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Sonny Gray, the Yankees’ forgotten ace

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With hot stove talk centering around acquiring another starter like Gerrit Cole or Yu Darvish, it’s easy to forget that the Yankees already made a major move to improve the 2018 rotation.

Sonny Gray in action against the Houston Astros in Game Four of the American League Championship Series at Yankee Stadium on October 17, 2017. The Yankees won 6-4.
Sonny Gray in action against the Houston Astros in Game Four of the American League Championship Series at Yankee Stadium on October 17, 2017. The Yankees won 6-4.
Photo by Jim McIsaac/Getty Images

With less than three weeks to go before spring training commences, the biggest addition for the Yankees this offseason remains the trade acquisition of National League MVP Giancarlo Stanton from the Miami Marlins. Although Brian Cashman has repeatedly stated that improving the starting pitching was a goal, so far the only move this winter to that end was the re-signing of CC Sabathia.

While the team offered top prospects in a failed effort to secure Gerrit Cole — and the Yankees continue to be connected to free agent Yu Darvish — they actually already made a huge move to improve the rotation. It occurred last year at the trade deadline when the club landed Sonny Gray in a deal with the Oakland Athletics.

There’s a reason why the Yankees made the pursuit of Gray such a high priority, and it wasn’t just about the 2017 playoff race. Gray has been one of the top pitchers in the league since making his debut in 2013. This sortable table demonstrates just how effective Gray has been compared to other top AL starters over the last four seasons:

Top AL Starters: 2014-2017

Player GS IP WHIP ERA FIP ERA+ BAbip BA OBP SLG OPS OPS+ K% BB% HR
Player GS IP WHIP ERA FIP ERA+ BAbip BA OBP SLG OPS OPS+ K% BB% HR
Chris Sale 121 823.2 1.017 2.99 2.83 136 .297 .219 .270 .351 .621 70 31.0% 5.1% 87
Corey Kluber 127 876.1 1.022 2.83 2.76 152 .292 .219 .268 .349 .617 64 29.0% 5.4% 79
Carlos Carrasco 101 664.0 1.078 3.24 3.03 134 .296 .229 .278 .370 .648 71 27.6% 5.7% 67
Masahiro Tanaka 105 668.1 1.097 3.56 3.75 119 .280 .239 .277 .411 .689 84 23.6% 4.6% 97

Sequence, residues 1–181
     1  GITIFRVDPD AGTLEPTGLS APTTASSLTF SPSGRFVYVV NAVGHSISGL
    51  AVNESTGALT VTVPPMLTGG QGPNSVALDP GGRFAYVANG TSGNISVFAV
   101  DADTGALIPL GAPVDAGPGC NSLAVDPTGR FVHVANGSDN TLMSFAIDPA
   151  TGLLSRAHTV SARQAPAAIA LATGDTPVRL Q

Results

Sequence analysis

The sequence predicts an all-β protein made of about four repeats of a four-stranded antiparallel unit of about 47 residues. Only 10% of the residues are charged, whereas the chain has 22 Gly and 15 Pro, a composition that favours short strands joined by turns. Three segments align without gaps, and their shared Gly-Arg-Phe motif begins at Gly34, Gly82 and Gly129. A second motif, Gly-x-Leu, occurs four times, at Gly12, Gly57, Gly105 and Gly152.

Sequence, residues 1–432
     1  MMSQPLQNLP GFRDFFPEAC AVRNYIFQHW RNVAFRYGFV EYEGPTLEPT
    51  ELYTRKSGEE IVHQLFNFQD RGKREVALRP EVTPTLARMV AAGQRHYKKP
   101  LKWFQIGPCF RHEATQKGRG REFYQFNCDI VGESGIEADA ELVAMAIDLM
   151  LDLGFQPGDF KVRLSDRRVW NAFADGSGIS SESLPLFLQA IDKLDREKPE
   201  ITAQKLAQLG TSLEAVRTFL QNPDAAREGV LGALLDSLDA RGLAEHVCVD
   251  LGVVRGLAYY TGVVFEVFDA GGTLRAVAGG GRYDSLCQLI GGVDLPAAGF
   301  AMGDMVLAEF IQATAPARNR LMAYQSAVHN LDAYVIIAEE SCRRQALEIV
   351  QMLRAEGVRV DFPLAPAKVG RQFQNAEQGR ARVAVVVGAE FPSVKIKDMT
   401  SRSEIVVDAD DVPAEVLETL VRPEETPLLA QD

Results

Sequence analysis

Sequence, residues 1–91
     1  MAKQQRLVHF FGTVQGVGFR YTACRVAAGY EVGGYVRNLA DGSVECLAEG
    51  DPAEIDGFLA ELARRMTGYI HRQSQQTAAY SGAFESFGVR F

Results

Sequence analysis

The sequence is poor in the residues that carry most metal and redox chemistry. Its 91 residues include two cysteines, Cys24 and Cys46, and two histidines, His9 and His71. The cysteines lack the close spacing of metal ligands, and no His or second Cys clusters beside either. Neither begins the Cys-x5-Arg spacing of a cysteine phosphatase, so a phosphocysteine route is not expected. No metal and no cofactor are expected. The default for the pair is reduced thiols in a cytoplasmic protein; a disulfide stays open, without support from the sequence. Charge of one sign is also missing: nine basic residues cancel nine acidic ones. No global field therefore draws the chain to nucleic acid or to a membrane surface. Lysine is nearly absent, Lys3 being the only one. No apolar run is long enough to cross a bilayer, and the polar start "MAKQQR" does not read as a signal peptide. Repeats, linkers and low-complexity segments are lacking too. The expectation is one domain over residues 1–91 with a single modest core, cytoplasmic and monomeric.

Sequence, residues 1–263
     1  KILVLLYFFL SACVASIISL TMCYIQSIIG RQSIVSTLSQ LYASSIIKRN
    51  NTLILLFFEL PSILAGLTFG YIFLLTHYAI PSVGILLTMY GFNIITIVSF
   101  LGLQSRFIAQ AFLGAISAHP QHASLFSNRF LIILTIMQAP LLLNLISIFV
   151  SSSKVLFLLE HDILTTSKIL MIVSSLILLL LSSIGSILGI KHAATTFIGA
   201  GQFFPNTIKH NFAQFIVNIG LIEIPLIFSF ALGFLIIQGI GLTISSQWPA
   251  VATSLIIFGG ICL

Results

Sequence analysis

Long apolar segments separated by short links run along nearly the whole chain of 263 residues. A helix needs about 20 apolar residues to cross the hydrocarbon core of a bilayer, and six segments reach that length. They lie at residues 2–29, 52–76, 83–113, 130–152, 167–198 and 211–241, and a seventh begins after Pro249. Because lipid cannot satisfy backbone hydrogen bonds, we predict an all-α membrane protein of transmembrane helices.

David Price 112 773.1 1.126 3.26 3.11 127 .302 .241 .283 .380 .663 80 25.3% 5.0% 80
Felix Hernandez 106 677.2 1.135 3.21 3.69 120 .276 .229 .291 .369 .659 84 23.1% 7.1% 75
Dallas Keuchel 111 745.2 1.140 3.15 3.38 124 .283 .236 .288 .354 .643 79 21.0% 6.5% 63
Justin Verlander 119 773.0 1.168 3.59 3.65 116 .282 .233 .291 .383 .674 83 23.4% 7.1% 88
Sonny Gray 113 706.1 1.213 3.52 3.76 113 .278 .236 .299 .361 .660 83 20.5% 7.9% 69
Jake Odorizzi 120 668.1 1.215 3.81 4.23 103 .270 .234 .297 .408 .705 95 22.1% 7.9% 97
Chris Archer 133 809.0 1.227 3.66 3.37 108 .305 .237 .300 .370 .669 86 26.7% 7.8% 88
Rick Porcello 125 803.0 1.239 3.98 3.93 108 .305 .267 .307 .430 .738 96 19.3% 4.7% 104
Table by Brett Borzelli, stats courtesy of Baseball-Reference.com

Among those making at least 100 starts from 2014-2017, Gray ranks ninth in WHIP, seventh in ERA, tenth in FIP, and ninth in ERA+. He has the fourth lowest slugging average against, behind Corey Kluber, Chris Sale, and Dallas Keuchel. His OPS against is the fifth lowest behind the same group plus Felix Hernandez. That’s some very elite company that Gray has pitched himself into.

I found myself wondering whether the great numbers have anything to do with Gray making half of his starts at the pitcher-friendly Oakland Coliseum. It apparently doesn’t. Gray’s home versus road splits are fairly comparable. In fact, his slugging and OPS against are actually worse at home. He has also given up far fewer home runs on the road.

Sonny Gray: Career home versus road splits

Split GS IP WHIP ERA BAbip BA OBP SLG OPS SO/BB K/9 HR
Split GS IP WHIP ERA BAbip BA OBP SLG OPS SO/BB K/9 HR
Home 65 414.2 1.177 3.65 .273 .235 .292 .364 .657 2.81 7.6 45
Away 58 355.2 1.237 3.21 .283 .233 .302 .346 .647 2.48 8.0 28
Table by Brett Borzelli, stats courtesy of Baseball-Reference.com

In light of last year’s performance by veteran stopper Sabathia, Masahiro Tanaka’s Koufaxian playoff efforts, and Luis Severino’s dominance that resulted in a third-place finish in the Cy Young voting, it would be easy to simply consider Gray the Yankees’ number four starter. But he’s so much more.

Gray’s history clearly establishes him as an ace. If he pitches up to his resume this year, then the Yankees will have a formidable rotation — perhaps even one of the best in baseball.